Fraser Nelson

Cameron must avoid making deals with the Lib Dems

Cameron must avoid making deals with the Lib Dems
Text settings

Even after the Gillian Duffy incident, tonight's polls either point to a hung parliament or a gossamer Tory majority. So the prospect of a Con-LibDem alliance, being forged next weekend, remains all too real. In the leading article of this week's Spectator, we urge Cameron to go it alone with a minority government - rather than enter into a pact, of any sort, with the LibDems. If Cameron fails to win a majority, he must form a minority government, do the best he can and then, when the time comes, ask the Queen for a dissolution of Parliament so he can ask the country for a majority. There are five reasons why this is the only sensible course of action.

1. Euro-style coalitions don’t work in Britain. In the last century, there were only  four hung parliaments and only one of which (1929-31) lasted more than a year. Our adversarial system means things fall apart: the centre cannot hold. A hung parliament will mean a second election, probably next year. The prospect of a five-year deal with the LibDems is illusory.

2. Cameron must keep his word – and be seen to. His manifesto does not have an asterisk saying “In the event of a hung parliament, none of this is valid and we’ll take power in some backroom deal.” Cameron has spoken persuasively about the need to take principles back into politics. To start his tenure by bartering principles with the party of opportunism would not augur well for the inevitable second election.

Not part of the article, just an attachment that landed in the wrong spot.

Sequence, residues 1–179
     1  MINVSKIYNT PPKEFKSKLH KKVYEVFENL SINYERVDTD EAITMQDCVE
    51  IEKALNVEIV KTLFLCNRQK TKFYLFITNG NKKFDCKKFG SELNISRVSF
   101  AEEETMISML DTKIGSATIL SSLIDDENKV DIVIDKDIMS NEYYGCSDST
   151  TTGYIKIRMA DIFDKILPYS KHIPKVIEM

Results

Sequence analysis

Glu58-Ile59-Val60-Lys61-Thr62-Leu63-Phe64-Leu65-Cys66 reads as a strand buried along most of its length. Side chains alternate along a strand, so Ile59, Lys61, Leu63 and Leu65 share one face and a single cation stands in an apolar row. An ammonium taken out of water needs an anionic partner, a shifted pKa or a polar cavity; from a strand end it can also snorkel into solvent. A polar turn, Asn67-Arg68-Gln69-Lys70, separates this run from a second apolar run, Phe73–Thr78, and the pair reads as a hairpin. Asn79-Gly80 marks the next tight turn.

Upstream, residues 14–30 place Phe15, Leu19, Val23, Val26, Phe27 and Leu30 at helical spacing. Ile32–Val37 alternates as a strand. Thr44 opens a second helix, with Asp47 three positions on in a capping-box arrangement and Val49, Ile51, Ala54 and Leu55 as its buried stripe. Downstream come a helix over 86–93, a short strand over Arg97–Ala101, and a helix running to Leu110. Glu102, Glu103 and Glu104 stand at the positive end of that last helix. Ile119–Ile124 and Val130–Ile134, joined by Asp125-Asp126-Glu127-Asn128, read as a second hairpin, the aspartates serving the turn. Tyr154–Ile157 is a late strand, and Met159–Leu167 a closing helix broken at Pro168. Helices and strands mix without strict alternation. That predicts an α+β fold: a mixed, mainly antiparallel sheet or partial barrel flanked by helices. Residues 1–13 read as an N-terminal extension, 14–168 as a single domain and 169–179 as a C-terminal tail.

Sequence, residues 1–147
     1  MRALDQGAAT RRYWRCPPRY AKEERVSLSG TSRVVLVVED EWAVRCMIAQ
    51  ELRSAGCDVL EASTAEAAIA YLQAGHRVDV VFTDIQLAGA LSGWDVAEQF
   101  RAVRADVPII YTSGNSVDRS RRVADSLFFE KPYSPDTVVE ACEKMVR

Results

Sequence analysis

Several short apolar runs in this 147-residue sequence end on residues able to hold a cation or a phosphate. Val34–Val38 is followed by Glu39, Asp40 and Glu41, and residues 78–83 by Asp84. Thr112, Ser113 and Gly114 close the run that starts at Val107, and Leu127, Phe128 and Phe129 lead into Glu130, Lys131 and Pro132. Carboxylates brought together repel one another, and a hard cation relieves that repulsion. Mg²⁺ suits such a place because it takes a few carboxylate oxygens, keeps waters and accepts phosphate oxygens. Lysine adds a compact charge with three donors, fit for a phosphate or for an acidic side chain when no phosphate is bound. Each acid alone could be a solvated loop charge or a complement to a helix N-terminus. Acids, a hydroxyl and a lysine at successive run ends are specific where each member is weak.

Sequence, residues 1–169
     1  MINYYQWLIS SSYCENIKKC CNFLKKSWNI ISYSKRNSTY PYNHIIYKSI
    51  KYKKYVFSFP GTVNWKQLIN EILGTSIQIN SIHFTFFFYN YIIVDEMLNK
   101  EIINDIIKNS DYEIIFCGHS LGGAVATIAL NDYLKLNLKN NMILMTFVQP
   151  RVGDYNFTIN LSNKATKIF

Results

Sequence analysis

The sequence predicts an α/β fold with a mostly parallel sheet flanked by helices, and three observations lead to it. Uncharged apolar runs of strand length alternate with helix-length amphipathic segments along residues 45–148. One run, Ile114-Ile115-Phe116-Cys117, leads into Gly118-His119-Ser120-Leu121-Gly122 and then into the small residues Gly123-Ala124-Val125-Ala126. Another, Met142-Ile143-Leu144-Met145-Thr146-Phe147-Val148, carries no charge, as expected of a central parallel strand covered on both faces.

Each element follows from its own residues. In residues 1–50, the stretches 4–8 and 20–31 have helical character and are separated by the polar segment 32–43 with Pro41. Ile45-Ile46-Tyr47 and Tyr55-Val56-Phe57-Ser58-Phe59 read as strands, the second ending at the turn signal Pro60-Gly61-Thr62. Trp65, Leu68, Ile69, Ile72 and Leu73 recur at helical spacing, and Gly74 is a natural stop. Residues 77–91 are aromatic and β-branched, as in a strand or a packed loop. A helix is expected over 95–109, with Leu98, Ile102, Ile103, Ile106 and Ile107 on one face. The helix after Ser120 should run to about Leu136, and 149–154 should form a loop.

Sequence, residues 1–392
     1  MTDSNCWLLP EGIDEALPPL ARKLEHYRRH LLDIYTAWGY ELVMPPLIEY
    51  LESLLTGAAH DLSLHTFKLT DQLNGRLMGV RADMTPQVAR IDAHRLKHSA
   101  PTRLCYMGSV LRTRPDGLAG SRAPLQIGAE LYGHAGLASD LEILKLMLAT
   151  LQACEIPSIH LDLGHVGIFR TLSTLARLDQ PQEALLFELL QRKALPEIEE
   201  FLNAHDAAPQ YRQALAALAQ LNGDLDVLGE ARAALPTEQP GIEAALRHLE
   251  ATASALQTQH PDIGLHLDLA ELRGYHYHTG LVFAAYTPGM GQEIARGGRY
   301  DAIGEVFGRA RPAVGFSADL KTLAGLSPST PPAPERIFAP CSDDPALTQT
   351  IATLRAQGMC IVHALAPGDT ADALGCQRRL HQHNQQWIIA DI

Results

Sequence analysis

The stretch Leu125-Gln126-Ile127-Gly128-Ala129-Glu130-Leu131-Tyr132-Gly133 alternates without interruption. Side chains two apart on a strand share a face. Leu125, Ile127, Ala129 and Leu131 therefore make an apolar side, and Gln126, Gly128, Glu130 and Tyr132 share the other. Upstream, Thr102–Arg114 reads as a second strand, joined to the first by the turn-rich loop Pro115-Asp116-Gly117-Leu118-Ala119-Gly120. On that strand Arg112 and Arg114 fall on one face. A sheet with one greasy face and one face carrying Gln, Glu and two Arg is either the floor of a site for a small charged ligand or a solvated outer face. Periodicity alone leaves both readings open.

3. The Tory Party would not allow such a coalition. In our leader, we say that Cameron would be well advised not to test the limits of his personal authority within the party if he fails to win a majority. Such a result would be, by his definition, a failure. James Forsyth’s politcial column has details of plans by the 1922 Committee of backbench Tories to elect an emergency chairman whose job it would be to lay down the party’s terms to the leadership. It could get very messy.

4. Nick Clegg will not bring down the government: he has more to lose from a second election than Cameron. I suspect there is enough gas left in the LibDem bubble to last until Thursday – Clegg may raise his tally of MPs from 62 to 80 or even 100. He still enjoys the novelty factor: he is not well enough known to be disliked. This will change. You can bet that, in a second election, he would kiss goodbye to his new recruits. It is Cameron that would have a gun against Clegg’s head, not vice versa.

5. Any coalition partners would be biding their time to scuttle a Tory government. Just as the SNP withdrew its support from Labour in 1979, triggering the confidence vote and (ergo) the election, so the Lib Dems would shaft Cameron when they felt it was necessary. It doesn’t matter how small or irrelevant such “partners” are: they hold you to ransom.

All told, far better to struggle on – as Harold Wilson did in 1974 – and ask the country for a proper mandate in a second election after displaying courage and principles. Think what disarray Labour will be in by then. So Cameron should not waste his time thinking about terms for talks about a majority. The only sensible route for him is to go it alone.